KIRKSVILLE - A projector, a stable internet connection, and a screen.
That was all the staff at Chariton Valley, an assisted living facility for disabled individuals, needed when one of their residents was transferred to Boone Hospital Center last October. Visitors were not allowed at that time.
The resident, referred to as "MJ" for anonymity, had been with the organization for 15 years. Even those that didn't directly work with him felt his positive impact.
"He was always smiling," Program Director Linda Bowers said. "He was somebody that you just enjoyed, he kind of brightened your day."
It was a system that was in place by Richard Sullivan, Boone Hospital's lead chaplain, before the pandemic began.
"Before the pandemic even started, in my department, I had routinely used iPads and primarily via Zoom," Sullivan said.
"It's heartwarming," Sullivan said. "It's not perfect, but it's better than nothing."
He also acknowledged that barriers might make meeting virtually difficult for some families. A reserved space was set up at Boone Hospital to accommodate the needs of families.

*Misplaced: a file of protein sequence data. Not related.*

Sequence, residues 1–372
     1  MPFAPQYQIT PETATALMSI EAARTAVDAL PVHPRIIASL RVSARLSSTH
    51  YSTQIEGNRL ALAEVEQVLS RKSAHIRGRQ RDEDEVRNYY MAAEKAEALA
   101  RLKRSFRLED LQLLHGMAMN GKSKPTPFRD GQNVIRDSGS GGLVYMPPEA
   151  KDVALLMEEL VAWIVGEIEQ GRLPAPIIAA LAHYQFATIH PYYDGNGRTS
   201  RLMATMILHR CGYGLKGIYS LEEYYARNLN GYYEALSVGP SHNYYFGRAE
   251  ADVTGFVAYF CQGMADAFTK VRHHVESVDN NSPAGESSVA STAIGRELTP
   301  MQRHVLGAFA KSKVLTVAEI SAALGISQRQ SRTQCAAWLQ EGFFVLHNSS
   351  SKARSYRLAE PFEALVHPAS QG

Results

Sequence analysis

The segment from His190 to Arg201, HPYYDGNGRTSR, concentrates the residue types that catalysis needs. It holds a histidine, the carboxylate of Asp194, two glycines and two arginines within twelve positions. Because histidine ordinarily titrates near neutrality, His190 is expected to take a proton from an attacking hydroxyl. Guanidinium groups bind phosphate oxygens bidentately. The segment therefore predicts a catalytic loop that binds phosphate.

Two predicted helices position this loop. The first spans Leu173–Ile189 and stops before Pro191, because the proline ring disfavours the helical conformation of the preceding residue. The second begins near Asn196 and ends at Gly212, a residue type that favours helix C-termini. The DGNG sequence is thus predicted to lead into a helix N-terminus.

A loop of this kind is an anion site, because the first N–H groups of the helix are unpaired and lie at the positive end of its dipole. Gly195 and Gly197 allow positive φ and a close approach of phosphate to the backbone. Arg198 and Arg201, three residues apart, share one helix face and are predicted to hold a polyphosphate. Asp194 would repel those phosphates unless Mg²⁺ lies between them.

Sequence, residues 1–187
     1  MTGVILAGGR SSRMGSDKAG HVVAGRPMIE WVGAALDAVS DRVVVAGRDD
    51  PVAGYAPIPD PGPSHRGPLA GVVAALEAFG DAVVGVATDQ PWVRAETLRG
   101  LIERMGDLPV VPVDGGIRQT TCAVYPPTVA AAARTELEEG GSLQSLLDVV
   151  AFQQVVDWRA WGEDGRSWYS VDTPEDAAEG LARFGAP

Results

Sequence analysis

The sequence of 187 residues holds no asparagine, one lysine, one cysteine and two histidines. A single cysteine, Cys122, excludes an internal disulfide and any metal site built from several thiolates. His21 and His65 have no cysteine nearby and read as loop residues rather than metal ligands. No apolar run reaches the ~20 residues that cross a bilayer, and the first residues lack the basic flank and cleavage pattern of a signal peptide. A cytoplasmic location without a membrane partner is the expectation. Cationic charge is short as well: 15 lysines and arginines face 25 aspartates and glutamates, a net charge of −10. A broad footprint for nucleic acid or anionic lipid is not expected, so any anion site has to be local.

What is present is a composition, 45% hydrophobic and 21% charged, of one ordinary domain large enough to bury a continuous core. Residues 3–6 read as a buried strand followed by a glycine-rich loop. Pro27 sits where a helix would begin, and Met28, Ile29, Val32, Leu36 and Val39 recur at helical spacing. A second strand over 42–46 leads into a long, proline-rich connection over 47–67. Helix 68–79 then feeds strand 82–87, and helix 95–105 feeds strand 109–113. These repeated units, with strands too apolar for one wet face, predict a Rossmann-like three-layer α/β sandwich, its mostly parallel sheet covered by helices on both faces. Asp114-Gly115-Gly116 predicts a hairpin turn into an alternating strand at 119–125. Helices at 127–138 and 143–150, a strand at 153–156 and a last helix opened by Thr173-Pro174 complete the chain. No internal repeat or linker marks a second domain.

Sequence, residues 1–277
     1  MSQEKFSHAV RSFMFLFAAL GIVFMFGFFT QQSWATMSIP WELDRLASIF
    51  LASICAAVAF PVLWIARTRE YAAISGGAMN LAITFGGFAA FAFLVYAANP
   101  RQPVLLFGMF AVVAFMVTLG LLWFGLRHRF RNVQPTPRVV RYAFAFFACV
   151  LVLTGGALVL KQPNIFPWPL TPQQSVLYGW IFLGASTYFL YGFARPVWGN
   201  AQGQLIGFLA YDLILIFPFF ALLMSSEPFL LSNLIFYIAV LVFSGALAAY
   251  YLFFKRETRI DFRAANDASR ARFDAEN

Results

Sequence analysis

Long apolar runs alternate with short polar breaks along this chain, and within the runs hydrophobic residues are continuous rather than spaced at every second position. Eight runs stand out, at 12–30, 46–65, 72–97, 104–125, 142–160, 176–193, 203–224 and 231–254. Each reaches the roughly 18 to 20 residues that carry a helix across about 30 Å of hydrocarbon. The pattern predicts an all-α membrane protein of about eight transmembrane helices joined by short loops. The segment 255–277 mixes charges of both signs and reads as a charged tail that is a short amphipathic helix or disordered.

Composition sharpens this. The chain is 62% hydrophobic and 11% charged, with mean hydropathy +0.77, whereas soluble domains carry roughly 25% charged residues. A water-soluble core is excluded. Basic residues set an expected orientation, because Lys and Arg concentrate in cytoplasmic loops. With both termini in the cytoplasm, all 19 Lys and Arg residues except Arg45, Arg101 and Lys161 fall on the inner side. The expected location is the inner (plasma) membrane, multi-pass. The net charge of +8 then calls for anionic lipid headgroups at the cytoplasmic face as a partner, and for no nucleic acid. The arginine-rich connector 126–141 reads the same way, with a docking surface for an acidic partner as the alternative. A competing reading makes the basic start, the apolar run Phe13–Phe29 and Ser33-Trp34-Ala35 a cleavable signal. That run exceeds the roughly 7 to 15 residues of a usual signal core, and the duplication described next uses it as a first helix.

"We live in a day and age where our families are living, you know, spread across the country and around the world," Sullivan said. "No doubt it will be something that we will continue to do."
Keeping the program in place would avoid a disconnect through crisis or circumstance. For loved ones, it means comfort.
For the Chariton Valley staff, that was one last things they shared with MJ.
"I really do think he found peace," Bowers said. "He felt it was okay. He felt safe."
MJ died less than an hour after they said goodbye.
Boone Hospital Center currently permits patients to have one visitor each day. Exceptions can be made for end-of-life scenarios.